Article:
The Women’s March on Washington has made history today, with a total of at least 2.9 million people showing up to protest. It is the biggest one-day protest in American history, showing that Americans have no intention of letting the Trump administration agenda continue without one heck of a fight. More people showed up to the protest than Donald Trump’s own inauguration.
Many companies and businesses are showing support for the Women’s Marches, but there is one particular of note: Atria Books, a publishing house, has put up seven eBooks for free in honor of the protests. All of the available authors they have chosen are meant to “inspire and empower women.” They cover a variety of topics and backgrounds, and together, they are a powerful offering.
Atria Books plan on making these books available for the next two days, with a maximum download of 5,000. They were so popular that the download page crashed, and they extended the deadline. Here is a peek at the eBooks they are offering:
1. Things I Should Have Told My Daughter by Pearl Cleage
This memoir explores how Pearl Cleage balanced marriage, being a mother, and being a writer in a time (the ’70s and ’80s) that didn’t support artists. It demonstrates an artist’s struggle to survive, and right now, it’s more relevant than ever.
2. The Misadventures of Awkward Black Girl by Issa Rae
“I’m awkward – and black. Someone once told me those were the two worst things I could be.” This book recounts the author’s life with a self-deprecating, witty voice as she navigates her identity.
3. Britt-Marie Was Here by Fredrik Backman
Obsessive, tidy, and only slightly controlling, Britt-Marie finds herself alone due to a cheating husband. She is left to raise her children surrounded by chaos: messes, unwanted attentions from a police officer, and an awful roommate. And soon, she must lead a children’s soccer team to victory.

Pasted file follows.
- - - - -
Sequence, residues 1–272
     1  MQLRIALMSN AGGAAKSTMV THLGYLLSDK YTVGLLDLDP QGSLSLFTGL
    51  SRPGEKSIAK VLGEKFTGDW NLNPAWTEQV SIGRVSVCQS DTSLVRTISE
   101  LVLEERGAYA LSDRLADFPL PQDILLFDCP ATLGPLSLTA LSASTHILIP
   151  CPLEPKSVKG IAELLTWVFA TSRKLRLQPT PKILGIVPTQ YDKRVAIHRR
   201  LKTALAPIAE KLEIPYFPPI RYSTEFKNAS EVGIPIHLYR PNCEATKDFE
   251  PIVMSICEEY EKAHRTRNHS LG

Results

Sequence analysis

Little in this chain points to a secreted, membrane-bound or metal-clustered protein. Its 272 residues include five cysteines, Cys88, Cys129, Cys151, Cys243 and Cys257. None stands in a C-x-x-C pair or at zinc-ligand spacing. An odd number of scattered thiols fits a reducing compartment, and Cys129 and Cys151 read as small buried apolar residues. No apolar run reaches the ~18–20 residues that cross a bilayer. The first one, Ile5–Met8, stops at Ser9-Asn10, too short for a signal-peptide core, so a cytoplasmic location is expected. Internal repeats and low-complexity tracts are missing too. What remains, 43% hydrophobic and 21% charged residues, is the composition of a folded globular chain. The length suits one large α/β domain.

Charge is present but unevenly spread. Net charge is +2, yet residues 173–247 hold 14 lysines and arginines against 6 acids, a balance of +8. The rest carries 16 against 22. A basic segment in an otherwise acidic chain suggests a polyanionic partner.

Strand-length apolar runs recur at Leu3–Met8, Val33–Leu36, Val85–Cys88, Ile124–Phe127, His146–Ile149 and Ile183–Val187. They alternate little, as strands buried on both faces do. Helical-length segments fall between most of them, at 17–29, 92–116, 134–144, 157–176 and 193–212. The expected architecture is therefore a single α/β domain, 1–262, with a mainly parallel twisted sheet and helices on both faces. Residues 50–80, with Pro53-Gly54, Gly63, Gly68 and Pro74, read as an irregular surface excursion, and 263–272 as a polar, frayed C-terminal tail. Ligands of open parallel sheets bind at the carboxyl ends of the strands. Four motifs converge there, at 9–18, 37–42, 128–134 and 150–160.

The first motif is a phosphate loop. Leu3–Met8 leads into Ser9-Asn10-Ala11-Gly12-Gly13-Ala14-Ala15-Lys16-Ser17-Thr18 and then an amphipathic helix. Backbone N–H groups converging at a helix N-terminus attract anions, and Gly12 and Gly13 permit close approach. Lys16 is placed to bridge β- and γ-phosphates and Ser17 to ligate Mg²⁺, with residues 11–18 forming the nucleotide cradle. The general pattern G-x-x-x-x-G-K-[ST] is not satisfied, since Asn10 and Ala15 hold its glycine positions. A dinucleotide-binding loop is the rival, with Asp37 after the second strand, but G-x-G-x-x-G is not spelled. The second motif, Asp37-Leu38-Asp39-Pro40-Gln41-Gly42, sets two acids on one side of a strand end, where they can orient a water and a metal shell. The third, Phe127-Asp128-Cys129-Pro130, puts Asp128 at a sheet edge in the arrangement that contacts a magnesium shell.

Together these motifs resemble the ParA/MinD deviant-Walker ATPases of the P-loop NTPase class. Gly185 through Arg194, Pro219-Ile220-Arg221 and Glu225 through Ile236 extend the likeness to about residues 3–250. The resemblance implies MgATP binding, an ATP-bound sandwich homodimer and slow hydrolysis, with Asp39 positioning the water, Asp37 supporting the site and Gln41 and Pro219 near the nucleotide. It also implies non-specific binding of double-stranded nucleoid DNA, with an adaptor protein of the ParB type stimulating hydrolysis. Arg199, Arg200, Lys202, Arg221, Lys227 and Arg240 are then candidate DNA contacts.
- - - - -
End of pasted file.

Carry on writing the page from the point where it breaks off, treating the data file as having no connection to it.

4. La Niña Alemana (The German Girl, Spanish Edition) by Armando Lucas Correa
This Spanish book recounts the experience of Hannah Rosenthal, a 12-year-old girl who is forced to flee from Nazi Germany, with her family and best friend. They are promised sanctuary in Cuba, but it turns out to be merely a facade.
5. The Girl Who Escaped ISIS by Farida Khalaf and Andrea C. Hoffman
This story tells the very real and harrowing story of Farida Khalaf, and how she escaped when her village in northern Iraq was attacked and seized by ISIS. All of the men were killed and the women taken into slavery. Khalaf tells the story in painstaking detail, laying the horror of ISIS bare.
6. Redefining Realness by Janet Mock
This memoir reveals Janet Mock’s life, living as a multiracial transexual in poverty. This is ultimately a story about acceptance and identity, and is a vital voice for the LGBTQ movement.
7. The House of Spirits by Isabel Allende
This is the book that distinguished Isabel Allende’s career. Esteban, a patriarch with intense political ambitions, is diluted only by his gentle wife Clara, who has connections to the spirit world. Meanwhile, his daughter Blanca has a child, Alba, from a forbidden love who would grow up to lead her family and country to a revolutionary future.
Now, more than ever, books like these are needed to remind everyone who they are and what they should stand for. What books have you been turning to lately? What does the Women’s March mean to you?
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Featured image via Slate